Getting the word out about a product is always challenging. But photo sharing may be one answer to those marketing woes. Billions of photos are shared every day on prolific social media sites such as Facebook, Twitter, and Instagram. However, as HTC Corporation discovered, even when social media users share photos and post comments about a company’s products it takes a creative approach to cut through the noise.
HTC Corporation, a China-based creator of cell phones, tablets, and other mobile devices, wanted to launch a campaign for HTC One, a popular smartphone, to drive engagement and sales. The campaign strategy was to incorporate social media and user-generated content in a way that cut through the typical social media chatter. The campaign needed to work in several markets with varying cultures and include a personal element that would encourage individual connections to the brand.
The HTC One digital campaign, which had a theme around “beautiful” (referring to the phone’s design), asked consumers in China, Taiwan, the UK, and United States to submit personal photos of themselves, friends, family, pets, or anything they deemed beautiful via email, HTC’s website, and social media sites including Twitter and Chinese-based Weibo and Wiexen. “The campaign went to another level because of its multichannel nature,” says Sanjay Manandhar, founder and CEO of Aerva, a mobile-connected digital signage company that HTC worked with for the campaign. “These days, consumers demand cohesive, multichannel branded social experiences that allow them to take part in their brands’ stories.”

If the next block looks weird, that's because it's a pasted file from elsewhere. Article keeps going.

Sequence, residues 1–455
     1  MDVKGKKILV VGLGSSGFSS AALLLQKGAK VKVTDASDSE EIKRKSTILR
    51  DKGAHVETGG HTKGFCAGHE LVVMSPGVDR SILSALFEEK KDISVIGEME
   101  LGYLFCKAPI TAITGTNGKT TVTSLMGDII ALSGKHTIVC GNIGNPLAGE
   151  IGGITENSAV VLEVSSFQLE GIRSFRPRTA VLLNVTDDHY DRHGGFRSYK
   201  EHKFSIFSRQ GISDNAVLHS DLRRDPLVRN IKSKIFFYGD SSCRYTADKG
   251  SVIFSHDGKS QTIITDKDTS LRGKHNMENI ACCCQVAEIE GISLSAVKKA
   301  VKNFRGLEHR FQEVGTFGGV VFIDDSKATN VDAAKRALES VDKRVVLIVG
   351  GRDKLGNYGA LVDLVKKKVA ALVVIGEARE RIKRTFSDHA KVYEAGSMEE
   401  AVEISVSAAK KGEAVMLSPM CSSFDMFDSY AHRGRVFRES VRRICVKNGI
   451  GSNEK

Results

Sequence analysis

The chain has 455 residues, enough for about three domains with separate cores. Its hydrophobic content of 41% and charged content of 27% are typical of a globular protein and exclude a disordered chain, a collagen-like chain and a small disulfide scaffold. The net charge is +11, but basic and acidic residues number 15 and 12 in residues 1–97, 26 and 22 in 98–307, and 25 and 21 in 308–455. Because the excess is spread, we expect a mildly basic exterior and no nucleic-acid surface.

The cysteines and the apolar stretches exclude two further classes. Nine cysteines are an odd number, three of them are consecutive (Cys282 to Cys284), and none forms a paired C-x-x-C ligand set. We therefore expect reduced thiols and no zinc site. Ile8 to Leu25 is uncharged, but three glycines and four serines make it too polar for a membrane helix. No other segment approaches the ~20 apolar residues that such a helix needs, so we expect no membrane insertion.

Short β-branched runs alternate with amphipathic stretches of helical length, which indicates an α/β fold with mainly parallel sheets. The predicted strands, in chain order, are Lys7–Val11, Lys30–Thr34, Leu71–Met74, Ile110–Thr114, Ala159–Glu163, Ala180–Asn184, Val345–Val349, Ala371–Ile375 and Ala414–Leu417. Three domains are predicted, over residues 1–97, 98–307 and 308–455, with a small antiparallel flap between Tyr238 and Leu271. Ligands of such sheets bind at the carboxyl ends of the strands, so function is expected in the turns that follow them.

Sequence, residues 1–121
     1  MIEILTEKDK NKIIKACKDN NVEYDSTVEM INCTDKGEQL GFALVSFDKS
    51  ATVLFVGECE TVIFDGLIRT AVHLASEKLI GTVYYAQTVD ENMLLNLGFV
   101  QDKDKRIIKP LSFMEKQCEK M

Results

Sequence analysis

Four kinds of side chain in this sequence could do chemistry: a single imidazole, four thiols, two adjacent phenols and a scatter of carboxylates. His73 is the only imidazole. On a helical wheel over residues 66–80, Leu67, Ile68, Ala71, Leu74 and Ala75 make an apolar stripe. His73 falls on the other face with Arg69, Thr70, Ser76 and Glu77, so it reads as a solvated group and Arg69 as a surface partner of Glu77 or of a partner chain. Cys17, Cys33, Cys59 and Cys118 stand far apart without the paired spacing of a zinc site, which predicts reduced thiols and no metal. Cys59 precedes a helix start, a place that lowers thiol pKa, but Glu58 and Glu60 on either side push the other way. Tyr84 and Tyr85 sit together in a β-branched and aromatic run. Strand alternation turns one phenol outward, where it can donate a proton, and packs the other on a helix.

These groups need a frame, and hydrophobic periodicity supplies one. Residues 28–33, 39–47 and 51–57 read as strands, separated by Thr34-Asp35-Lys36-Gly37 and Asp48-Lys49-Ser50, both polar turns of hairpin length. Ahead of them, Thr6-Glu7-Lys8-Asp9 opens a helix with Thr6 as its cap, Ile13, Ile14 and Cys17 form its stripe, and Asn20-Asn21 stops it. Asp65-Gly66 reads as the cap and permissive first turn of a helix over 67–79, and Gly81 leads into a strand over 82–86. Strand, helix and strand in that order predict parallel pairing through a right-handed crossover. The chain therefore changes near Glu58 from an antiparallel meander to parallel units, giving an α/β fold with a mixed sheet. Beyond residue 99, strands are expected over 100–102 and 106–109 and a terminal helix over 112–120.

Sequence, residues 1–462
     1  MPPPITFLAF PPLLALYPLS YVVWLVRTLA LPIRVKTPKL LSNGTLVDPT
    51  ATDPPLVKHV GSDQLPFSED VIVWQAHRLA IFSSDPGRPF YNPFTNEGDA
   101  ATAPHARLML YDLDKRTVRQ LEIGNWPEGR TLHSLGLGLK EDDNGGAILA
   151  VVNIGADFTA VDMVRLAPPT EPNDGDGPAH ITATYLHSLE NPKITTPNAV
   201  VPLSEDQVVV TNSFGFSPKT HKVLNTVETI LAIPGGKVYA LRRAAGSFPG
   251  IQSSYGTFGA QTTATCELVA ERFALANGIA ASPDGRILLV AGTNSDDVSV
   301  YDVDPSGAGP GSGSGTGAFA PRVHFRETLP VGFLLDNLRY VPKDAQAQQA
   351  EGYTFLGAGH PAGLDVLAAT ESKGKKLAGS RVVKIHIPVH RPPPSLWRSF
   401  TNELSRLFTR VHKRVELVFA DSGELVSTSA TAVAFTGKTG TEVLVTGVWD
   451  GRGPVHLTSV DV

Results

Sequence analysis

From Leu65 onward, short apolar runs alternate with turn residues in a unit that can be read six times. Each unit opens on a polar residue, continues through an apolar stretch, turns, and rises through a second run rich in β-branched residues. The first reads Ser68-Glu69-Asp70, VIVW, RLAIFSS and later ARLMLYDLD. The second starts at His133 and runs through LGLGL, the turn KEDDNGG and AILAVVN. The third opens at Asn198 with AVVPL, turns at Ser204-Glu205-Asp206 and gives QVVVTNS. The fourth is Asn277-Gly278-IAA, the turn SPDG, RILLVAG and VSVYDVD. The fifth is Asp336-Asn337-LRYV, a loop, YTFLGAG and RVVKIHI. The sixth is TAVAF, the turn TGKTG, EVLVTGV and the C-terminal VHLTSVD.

Aerva powered the 11-week campaign and displayed select user photos on billboards in New York’s Times Square and on HTC.com. “The campaign gave us a unique and visible way to engage consumers,” says Ben Ho, CMO of HTC.
Adding to the momentum, participants received a Digital Keepsake, an image of their photos as displayed in Times Square. “The campaign skyrocketed because of the Digital Keepsake,” Manandhar says. “Having proof that your picture was displayed in Times Square makes friends want those pics and continue sharing them.” The campaign culminated with a substantial HTC One giveaway: a holiday season drawing awarded a few chosen customers 24-carat gold plated HTC phones worth $2,500 each. HTC gave two of those phones to winners in the U.S.
Users actively engaged in a photo sharing digital campaign that allowed them to make personal connections to the brand. Consumers shared more than 54,000 photos through multiple platforms. “People love [the campaign’s] emotive nature. It’s a very emotive thing to have your personal photos displayed anywhere, especially in a place like Times Square,” Manandhar says. And the same principal can work for smaller businesses, he adds. “Lots of small brands have smaller screens of their own, LCDs in retail locations for example. Small businesses can replicate the campaign with their resources.”
The HTC One campaign continues to live on as selected pics are housed in the Keepsake Gallery on HTC.com. As a result of the campaign, HTC amassed a collection of personal, actionable data, such as email addresses and Twitter handles.